Elizabeth Cook: Year of the woman? That was ages ago
Published 12:55 am Sunday, October 28, 2018
“It was we, the people; not we, the white male citizens; nor yet we, the male citizens; but we, the whole people, who formed the Union. … Men, their rights and nothing more; women, their rights and nothing less.”
— Susan B. Anthony
Sarah Campbell Hardin, a former Salisbury Post reporter, posted the above quote from suffragist Susan B. Anthony on her Facebook page recently, along with an insight of her own.
“I treasure my right to vote,” Sarah’s post says. “Every time I cast a ballot, my thoughts drift to the suffragists who fought for my right to do so. They were beaten and imprisoned in this decades-long fight to win the vote for women. Let us not take it for granted.
“View a sample ballot and do your research: https://www.ncsbe.gov/index.html ”
This is supposed to be the Year of the Woman, a phenomenon that’s declared every few years. In 1992, in the wake of the Clarence Thomas-Anita Hill hearings, women increased their representation in Congress. In 2016, Hillary Clinton broke the glass ceiling to the presidential nomination. And in 2018, more women are running for office than perhaps ever before.
The real Year of the Woman in U.S. politics was 1920. That’s when Congress ratified the 19th Amendment granting — “granting,” mind you — women the right to vote.
It took a few decades for women to fully embrace their new right; they were probably too busy cleaning house, caring for children and cooking three meals a day from scratch.
But by the 1980s, the situation flipped. Women started voting more than men. That is, the proportion of women voting was greater than the proportion of men. We’ve outvoted men in every presidential election since.
Seeking public office was a natural progression from there — but not rapid.
One of the first women to run for the General Assembly around here — if not the first — was Betsy Cochrane, a Republican from Davie County. She served in the General Assembly from 1981 to 2000, and for several years was one of Rowan County’s state senators.
Recently her name went up on signs marking I-40 from the Yadkin River to Redland Road — “Sen. Betsy L. Cochrane Highway.”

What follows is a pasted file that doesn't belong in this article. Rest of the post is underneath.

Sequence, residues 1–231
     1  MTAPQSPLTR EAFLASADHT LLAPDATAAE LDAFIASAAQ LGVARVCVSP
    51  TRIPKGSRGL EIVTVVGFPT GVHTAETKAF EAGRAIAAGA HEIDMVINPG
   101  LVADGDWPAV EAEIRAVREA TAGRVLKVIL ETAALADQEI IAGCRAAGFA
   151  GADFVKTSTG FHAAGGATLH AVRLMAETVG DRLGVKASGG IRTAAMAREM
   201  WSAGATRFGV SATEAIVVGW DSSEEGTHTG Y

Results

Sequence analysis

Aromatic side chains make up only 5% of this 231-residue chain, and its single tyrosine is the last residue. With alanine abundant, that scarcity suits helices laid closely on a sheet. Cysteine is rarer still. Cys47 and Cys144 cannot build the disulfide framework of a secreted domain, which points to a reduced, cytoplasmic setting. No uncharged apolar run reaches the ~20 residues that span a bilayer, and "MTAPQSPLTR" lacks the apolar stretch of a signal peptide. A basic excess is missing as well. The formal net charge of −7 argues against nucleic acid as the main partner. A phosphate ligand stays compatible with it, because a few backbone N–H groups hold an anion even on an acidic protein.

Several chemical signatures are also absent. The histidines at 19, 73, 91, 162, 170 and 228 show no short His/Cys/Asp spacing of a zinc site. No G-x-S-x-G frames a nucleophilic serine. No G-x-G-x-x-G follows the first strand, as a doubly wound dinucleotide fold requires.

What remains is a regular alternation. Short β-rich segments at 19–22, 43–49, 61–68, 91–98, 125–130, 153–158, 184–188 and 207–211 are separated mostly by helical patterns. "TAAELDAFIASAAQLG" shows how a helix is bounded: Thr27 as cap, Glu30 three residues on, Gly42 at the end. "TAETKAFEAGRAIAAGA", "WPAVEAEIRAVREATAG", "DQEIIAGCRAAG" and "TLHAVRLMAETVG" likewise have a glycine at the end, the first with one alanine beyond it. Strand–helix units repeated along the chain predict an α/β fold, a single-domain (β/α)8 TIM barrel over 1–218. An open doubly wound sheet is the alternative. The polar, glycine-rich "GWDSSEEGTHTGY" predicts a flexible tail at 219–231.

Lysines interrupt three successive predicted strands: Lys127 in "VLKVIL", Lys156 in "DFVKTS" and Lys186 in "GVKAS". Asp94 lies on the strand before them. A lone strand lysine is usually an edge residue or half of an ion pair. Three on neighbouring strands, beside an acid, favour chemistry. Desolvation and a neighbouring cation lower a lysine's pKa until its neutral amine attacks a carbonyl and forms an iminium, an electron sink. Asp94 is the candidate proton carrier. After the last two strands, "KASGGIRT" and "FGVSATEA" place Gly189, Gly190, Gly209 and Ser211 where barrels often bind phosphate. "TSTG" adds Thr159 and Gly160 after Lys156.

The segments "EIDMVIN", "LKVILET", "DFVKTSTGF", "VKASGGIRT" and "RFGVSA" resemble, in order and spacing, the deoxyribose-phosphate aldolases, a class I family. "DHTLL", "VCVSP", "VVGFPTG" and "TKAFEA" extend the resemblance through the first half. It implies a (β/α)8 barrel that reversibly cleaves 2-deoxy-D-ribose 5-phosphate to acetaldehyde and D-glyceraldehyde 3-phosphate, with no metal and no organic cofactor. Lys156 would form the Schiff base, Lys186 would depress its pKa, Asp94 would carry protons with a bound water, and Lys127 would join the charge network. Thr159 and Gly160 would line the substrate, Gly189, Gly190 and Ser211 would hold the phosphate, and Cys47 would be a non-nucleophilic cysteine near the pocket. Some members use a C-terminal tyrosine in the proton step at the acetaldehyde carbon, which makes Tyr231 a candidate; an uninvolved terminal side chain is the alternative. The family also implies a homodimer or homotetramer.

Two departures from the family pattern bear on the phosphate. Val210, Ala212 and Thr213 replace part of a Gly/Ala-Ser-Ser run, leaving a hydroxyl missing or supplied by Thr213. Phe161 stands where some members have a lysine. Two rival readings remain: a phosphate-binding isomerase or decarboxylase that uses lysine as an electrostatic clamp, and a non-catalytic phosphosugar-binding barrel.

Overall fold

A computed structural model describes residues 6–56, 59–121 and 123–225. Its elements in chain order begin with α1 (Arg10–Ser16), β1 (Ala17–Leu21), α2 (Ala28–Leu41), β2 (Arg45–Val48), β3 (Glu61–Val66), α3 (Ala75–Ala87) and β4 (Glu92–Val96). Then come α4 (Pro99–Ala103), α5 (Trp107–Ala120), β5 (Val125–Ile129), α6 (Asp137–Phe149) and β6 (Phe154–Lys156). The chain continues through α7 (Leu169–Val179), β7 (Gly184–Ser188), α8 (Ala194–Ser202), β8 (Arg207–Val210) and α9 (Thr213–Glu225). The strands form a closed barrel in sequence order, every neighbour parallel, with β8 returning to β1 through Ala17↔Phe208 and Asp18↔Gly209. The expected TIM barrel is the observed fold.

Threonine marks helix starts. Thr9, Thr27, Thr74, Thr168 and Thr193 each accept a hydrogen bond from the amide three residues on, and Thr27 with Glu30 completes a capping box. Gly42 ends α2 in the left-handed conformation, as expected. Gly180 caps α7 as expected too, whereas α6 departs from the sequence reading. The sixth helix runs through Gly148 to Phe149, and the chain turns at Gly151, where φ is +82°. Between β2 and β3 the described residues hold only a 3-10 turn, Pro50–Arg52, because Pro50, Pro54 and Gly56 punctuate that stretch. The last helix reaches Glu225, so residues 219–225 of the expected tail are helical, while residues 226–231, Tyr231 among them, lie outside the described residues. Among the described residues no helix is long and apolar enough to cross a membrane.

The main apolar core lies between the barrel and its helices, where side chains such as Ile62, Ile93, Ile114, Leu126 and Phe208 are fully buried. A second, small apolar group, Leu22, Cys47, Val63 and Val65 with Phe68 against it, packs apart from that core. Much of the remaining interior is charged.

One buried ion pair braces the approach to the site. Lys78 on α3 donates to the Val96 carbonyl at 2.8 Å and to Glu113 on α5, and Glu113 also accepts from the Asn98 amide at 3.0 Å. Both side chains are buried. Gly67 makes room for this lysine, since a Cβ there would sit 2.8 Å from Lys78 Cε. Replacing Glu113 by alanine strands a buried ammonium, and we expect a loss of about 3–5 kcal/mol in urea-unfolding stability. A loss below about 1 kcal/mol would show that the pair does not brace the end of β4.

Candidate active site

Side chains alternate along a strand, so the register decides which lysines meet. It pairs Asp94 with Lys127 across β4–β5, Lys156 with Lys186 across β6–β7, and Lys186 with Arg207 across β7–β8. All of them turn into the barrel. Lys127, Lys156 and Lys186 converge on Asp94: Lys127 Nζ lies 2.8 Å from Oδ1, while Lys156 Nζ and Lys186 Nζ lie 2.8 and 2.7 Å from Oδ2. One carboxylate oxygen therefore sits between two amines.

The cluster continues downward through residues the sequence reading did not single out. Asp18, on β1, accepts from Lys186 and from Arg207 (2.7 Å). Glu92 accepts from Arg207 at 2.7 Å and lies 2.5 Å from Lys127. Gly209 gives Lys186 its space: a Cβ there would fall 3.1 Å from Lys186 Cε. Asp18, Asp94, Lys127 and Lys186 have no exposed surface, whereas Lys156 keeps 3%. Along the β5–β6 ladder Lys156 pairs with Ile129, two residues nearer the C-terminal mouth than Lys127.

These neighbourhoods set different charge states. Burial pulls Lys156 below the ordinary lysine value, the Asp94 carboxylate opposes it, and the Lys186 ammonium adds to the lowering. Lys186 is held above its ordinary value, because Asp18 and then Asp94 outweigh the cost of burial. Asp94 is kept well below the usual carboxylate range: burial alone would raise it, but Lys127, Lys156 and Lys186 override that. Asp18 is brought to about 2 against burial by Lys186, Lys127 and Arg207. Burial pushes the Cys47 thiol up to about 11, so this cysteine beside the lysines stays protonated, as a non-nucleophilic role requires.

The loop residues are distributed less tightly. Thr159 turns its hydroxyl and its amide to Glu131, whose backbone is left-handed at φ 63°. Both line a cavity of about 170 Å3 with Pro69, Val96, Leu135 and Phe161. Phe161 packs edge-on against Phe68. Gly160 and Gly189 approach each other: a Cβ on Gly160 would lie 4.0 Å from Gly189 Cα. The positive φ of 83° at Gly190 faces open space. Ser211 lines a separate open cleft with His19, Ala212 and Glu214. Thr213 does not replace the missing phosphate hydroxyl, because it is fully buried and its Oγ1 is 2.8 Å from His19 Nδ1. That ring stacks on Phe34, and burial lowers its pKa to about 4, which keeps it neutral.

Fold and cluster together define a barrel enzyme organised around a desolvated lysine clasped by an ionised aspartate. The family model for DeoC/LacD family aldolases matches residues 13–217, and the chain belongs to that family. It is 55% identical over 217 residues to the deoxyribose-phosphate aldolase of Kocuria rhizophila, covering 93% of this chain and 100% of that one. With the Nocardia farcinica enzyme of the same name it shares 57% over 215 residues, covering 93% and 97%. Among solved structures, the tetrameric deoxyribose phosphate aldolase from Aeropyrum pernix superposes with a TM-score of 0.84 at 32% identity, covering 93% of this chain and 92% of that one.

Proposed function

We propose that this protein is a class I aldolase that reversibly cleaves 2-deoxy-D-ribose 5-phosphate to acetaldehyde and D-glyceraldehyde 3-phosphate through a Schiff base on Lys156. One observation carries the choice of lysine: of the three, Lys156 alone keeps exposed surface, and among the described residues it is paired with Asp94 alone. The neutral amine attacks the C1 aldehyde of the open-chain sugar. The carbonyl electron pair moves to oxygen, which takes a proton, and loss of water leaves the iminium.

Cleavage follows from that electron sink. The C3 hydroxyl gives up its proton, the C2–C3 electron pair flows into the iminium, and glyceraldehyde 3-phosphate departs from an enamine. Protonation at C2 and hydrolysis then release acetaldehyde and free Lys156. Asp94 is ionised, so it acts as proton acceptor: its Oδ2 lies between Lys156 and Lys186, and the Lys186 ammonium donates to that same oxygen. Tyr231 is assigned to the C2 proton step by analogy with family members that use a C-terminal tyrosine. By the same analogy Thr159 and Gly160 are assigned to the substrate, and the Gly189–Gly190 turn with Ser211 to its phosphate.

Cochrane had been an educator, and she took her teacher’s intelligence, precision and poise to the legislature with her.
Mike Barnhardt, editor of the Davie County Enterprise Record, described Cochrane well in his report:
“She was a well educated, well spoken defender of what was right. And she didn’t back down just because she was in the minority. Right is right and it deserves to be defended.”
At the ceremonial unveiling of the sign, Cochrane declined to take credit. She urged everyone to look at the signs as if they had earned the honor, because she wouldn’t have made it to Raleigh without the people of her district.
And she sounded a note that should trouble us all:
“In this day and time, there is nothing about politics that will attract the level of people we need,” Cochrane said.
Democrats have their female trailblazers, too. When the late Jamima DeMarcus was on the China Grove Board of Aldermen, she did her homework, going to the meetings with prepared notes. DeMarcus went on to chair the Rowan County Democratic Party and then to serve on the county commission, the first woman to do so in Rowan.
Then there’s Bev Perdue, the state’s first and only female governor and, let’s hope, the only one to preside over the state in the depths of a terrible recession.
Purdue was also the only governor to give the I-85 bridge over the Yadkin River the high priority it deserved and find funding for it. Purdue’s name should be on that bridge, along with the honor to veterans already affixed there.
Still, most women in politics prefer not to run as “the female candidate,” as Julia Louis-Dreyfus’ character in HBO’ “Veep” once explained to an aide.
“No, no, no, I can’t identify as a woman! People can’t know that,” she said. “Men hate that. And women who hate women hate that, which, I believe, is most women.”
That’s funny, to a point, but it’s not true that most women hate women. Nor is it true that, as some men suspect, that a female candidate can count on every woman’s support. The right to vote is the right to think for yourself and have a voice.
Let’s end with another quote from Susan B. Anthony, one that speaks to great possibilities:
“The older I get, the greater power I seem to have to help the world. I am like a snowball — the further I am rolled the more I gain.”
Roll on, voters.
Elizabeth Cook is editor of the Salisbury Post.